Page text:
“Before our roads and houses were here, the native evergreen forests and that covered our Pacific Northwest landscape slowed and cleansed rainwater and helped it soak into the soil to recharge groundwater and replenish our creeks and rivers. Over the past 150 years, we have lost a great deal of this ecological function. We know now that the polluted runoff from impervious surfaces in urban areas is the number one threat to water quality in Puget Sound, that it’s toxic to salmon and other wildlife, and causes other problems like sewer overflows and flooding,” stated Tracy Hackett.

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“Washoe County, Nevada is one of the most rapidly urbanizing areas in the country. Why are cumulative impacts of development ignored?” asks engineer Kris Hemlein


“Cumulative environmental impacts can be defined as effects on the environment which are caused by the combined results of past, current and future activities,” wrote Kris Hemlein. “Human activities, with time, combine to collectively impact the environment. These effects may differ from the original, individual activities. For example, ecosystems can be damaged by the combined effects of human activities, such as air, land and/or water pollution; improper handling of industrial waste; and other human development activities. Do our county planners, planning commissioners and commissioners adequately consider cumulative impacts of urbanization on our existing residents?”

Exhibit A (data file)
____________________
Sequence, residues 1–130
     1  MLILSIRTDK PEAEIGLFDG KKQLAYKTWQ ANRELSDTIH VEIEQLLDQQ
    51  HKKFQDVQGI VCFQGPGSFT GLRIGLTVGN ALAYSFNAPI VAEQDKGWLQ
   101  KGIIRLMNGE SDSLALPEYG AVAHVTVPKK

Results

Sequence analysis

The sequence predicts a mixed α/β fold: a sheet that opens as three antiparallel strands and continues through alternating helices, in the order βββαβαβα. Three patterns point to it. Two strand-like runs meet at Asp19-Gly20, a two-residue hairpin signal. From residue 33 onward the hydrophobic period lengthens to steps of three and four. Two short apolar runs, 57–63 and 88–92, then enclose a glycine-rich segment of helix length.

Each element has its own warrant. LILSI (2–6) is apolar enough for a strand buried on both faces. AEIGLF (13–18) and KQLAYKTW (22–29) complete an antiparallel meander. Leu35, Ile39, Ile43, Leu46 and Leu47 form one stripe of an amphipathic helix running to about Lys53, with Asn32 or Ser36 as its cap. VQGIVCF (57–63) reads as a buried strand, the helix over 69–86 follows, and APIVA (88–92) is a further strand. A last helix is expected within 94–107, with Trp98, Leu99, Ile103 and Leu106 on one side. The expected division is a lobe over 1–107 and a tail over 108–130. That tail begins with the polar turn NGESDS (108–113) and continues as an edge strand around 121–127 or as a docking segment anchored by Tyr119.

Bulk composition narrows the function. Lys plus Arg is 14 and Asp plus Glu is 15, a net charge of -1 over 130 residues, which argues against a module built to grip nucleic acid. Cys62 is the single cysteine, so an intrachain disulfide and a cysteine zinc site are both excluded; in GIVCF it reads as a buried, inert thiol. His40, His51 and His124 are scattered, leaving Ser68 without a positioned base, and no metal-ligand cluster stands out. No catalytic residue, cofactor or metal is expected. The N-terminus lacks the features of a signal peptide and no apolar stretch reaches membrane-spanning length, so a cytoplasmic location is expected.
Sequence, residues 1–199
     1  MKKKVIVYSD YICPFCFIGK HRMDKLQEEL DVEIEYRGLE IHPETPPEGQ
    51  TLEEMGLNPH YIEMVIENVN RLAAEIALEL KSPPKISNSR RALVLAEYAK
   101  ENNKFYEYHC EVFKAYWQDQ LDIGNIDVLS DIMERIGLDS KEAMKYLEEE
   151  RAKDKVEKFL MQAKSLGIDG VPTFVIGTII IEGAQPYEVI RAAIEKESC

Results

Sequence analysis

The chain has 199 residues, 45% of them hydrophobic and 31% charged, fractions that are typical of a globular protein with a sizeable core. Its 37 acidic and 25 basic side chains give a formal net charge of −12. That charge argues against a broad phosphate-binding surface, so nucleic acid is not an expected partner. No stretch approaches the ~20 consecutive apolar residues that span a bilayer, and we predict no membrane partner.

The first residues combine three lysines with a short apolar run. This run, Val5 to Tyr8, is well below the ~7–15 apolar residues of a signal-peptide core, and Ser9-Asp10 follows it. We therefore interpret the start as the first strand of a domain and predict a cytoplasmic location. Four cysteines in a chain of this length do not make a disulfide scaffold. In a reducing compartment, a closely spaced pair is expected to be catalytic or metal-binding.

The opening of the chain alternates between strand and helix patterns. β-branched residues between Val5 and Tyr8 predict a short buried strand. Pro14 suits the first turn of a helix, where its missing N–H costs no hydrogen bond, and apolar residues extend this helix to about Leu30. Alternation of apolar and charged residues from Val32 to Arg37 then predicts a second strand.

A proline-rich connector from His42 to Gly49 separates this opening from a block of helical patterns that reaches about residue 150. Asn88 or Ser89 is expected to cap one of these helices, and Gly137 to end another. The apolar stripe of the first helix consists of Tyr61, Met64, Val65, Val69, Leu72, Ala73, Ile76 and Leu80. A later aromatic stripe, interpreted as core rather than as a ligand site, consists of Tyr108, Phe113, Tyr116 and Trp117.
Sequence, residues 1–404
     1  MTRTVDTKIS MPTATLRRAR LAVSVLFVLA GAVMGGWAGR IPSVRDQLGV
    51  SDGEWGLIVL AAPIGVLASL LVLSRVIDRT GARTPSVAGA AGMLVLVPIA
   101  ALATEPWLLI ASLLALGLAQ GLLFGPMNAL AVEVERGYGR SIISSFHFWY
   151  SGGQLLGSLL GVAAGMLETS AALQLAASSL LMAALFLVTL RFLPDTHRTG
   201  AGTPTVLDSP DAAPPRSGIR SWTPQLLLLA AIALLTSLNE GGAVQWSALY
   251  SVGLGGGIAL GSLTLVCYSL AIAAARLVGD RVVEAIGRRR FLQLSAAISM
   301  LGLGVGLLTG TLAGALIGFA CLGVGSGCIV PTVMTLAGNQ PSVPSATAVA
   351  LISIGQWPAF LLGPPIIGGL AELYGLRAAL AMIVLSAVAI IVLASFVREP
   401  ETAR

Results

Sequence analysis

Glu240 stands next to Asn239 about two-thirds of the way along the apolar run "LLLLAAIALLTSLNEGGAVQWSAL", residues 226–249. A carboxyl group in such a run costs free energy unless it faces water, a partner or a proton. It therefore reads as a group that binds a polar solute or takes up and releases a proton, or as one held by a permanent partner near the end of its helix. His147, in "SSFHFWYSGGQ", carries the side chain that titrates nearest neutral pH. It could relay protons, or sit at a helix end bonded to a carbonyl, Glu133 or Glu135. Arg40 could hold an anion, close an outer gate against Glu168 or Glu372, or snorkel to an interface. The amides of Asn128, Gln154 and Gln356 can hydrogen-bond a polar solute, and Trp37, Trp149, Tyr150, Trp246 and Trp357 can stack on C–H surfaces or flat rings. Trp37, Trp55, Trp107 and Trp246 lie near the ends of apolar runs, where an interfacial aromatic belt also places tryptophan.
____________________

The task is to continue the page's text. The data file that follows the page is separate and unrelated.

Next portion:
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Center for Infrastructure Modeling and Management: “The new Center has been set up as a sustainable undertaking. It is the combination of diverse needs, ideas and solutions that will make this vision for the Center work,” stated Dr. Charles Rowney, Director of Operations